1887

Abstract

SUMMARY: The microbial populations of rhizosphere soil from pea varieties Onward, susceptible to wilt by f. race 1, and Wilt-Resistant Alaska were assessed at six successive plant-growth stages, by the dilution plate technique. The most commonly found rhizosphere organisms were: spp., bacteria, , spp., and . Root exudate from variety Onward stimulated growth and sporulation of some of the more prevalent 24 of 60 different species among 137 morphologically different isolates of fungi and bacteria. Testing the rhizosphere isolates for their effects on the pathogenic Fusarium showed that 15 % had no effect, 29 % were slightly inhibitory, 42 % considerably more and 14 % strongly inhibitory. Prominent among the strongest inhibitors were a few bacteria, and strains of , the last showing that intraspecific inhibition occurs among the Fusaria.

When ten of the more prevalent rhizosphere fungi were grown in media containing rhizosphere soil extract, root exudate or both, their ability to inhibit the pathogenic Fusarium greatly increased; the most inhibition was obtained with culture filtrates of fungi grown in the presence of both rhizosphere soil extract and root exudate. Morphologically different isolates of and inhibited the pathogenic Fusarium to different extents, showing that these species contain physiologic strains that could act differentially towards f. in the rhizosphere.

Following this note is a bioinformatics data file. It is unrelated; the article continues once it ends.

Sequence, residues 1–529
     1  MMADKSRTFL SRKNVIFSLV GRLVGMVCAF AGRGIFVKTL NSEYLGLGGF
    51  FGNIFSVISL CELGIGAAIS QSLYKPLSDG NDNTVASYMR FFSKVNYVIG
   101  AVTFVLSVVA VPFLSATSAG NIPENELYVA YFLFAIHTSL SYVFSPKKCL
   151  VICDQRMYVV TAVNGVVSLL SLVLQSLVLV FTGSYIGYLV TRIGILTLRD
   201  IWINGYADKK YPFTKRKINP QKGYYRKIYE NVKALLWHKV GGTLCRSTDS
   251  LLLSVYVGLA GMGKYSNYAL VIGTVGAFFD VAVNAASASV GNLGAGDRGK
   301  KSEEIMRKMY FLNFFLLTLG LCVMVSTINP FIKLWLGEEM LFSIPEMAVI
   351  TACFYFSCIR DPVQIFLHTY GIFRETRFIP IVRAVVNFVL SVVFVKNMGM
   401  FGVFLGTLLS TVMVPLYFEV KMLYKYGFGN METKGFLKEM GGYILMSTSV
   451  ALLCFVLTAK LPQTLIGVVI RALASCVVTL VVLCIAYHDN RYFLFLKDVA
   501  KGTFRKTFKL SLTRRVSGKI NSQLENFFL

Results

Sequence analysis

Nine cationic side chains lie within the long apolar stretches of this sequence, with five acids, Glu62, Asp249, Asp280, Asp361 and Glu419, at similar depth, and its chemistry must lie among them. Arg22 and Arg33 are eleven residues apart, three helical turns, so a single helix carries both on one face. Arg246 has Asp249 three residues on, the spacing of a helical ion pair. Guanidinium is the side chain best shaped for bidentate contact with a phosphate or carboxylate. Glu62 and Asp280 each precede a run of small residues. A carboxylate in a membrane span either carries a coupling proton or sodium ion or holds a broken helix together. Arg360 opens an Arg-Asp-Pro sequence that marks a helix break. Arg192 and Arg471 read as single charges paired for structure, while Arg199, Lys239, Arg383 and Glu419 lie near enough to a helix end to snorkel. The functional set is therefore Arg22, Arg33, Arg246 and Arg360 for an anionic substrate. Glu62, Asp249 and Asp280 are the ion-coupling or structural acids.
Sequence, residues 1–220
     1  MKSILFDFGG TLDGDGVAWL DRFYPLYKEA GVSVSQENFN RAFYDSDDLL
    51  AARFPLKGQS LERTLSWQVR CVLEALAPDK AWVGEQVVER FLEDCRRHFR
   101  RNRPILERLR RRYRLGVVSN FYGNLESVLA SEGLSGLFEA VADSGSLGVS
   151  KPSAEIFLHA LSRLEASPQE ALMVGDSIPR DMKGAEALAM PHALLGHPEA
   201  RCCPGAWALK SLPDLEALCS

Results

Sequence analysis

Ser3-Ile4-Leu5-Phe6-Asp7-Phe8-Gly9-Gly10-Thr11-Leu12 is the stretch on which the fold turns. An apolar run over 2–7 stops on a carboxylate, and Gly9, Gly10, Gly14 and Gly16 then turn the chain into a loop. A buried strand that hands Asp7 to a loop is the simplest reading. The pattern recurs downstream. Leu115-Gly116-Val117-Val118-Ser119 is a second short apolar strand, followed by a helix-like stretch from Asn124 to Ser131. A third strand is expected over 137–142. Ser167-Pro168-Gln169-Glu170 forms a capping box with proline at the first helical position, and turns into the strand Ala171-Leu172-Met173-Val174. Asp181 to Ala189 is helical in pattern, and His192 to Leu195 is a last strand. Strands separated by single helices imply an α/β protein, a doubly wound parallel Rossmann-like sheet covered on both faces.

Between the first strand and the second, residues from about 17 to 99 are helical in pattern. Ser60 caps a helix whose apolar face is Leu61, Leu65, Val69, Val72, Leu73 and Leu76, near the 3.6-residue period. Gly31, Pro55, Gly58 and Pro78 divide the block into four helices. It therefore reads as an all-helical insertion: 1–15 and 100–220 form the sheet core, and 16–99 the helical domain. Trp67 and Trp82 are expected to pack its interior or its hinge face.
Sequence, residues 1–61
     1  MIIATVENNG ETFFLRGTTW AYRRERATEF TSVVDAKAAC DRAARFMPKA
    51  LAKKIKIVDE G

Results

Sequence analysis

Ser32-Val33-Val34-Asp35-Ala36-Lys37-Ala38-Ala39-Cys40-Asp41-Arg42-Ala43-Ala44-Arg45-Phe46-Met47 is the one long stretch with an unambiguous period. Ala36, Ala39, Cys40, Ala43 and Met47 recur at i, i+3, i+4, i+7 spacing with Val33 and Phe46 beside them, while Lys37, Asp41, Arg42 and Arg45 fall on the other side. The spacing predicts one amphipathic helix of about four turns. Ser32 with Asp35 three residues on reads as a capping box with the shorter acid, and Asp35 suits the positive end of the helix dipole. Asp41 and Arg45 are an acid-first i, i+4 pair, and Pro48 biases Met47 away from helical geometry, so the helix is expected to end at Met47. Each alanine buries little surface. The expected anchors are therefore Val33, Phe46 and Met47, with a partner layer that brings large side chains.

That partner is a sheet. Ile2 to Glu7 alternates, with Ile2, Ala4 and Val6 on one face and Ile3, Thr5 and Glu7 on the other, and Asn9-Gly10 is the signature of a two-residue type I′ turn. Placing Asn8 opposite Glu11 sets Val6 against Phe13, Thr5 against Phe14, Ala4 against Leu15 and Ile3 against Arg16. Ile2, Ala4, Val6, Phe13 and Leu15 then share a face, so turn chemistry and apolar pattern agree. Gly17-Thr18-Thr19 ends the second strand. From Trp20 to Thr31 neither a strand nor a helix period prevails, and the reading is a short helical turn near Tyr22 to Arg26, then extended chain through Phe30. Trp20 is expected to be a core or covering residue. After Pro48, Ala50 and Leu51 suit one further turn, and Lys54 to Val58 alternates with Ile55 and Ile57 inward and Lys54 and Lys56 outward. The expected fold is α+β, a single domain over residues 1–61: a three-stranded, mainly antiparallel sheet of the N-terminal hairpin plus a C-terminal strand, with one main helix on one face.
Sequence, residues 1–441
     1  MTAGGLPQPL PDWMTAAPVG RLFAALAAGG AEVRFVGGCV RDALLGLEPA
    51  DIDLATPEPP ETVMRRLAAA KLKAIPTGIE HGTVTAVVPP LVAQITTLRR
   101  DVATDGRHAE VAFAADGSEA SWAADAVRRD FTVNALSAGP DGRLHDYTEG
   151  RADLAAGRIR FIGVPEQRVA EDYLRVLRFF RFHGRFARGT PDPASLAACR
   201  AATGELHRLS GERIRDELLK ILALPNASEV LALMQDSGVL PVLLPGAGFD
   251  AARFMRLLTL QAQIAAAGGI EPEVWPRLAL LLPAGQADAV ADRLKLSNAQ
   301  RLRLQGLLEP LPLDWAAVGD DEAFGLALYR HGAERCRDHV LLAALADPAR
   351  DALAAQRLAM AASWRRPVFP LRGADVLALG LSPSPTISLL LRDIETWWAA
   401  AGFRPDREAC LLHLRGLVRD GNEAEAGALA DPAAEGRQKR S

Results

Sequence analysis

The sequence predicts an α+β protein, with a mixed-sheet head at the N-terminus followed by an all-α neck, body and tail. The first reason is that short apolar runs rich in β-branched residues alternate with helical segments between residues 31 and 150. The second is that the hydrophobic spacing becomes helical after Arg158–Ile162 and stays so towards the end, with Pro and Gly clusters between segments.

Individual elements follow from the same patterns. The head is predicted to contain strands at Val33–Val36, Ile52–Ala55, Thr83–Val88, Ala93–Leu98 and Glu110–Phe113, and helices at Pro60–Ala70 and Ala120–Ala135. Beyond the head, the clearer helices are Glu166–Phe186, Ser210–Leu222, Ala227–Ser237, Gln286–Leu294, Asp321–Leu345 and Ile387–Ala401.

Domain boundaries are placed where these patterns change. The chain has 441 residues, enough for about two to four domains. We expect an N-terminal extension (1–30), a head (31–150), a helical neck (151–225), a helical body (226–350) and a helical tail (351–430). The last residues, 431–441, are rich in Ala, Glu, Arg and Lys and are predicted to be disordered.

The rhizosphere of the wilt-resistant variety Alaska contained no more inhibitory isolates than the rhizosphere of the wilt-susceptible Onward. Although there were more micro-organisms per unit of dry rhizosphere soil of the susceptible variety, the species isolated from the rhizospheres of the susceptible and resistant varieties did not differ qualitatively.

Rhizosphere micro-organisms that were more prevalent up to the time that Fusarium invaded the host roots were not prominent among the group most antagonistic towards the Fusarium. In addition, there was no correlation between stimulation of rhizosphere organisms by root exudate and their antagonism towards the Fusarium. This implies that competition between pathogenic Fusarium and the other rhizosphere micro-flora for nutrients in root exudates may be at least as important as overcoming antibiosis in maintaining successful growth of the pathogen near host- root surfaces. Although these results were obtained , they suggest that rhizosphere soil extract and microbial metabolites together deter the growth of f. near pea roots, and that the growth-promoting effects of root exudate from the wilt-susceptible pea variety Onward are partially offset by its ability to increase inhibition by some of the other rhizosphere inhabitants.

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/content/journal/micro/10.1099/00221287-22-3-678
1960-06-01
2021-07-31
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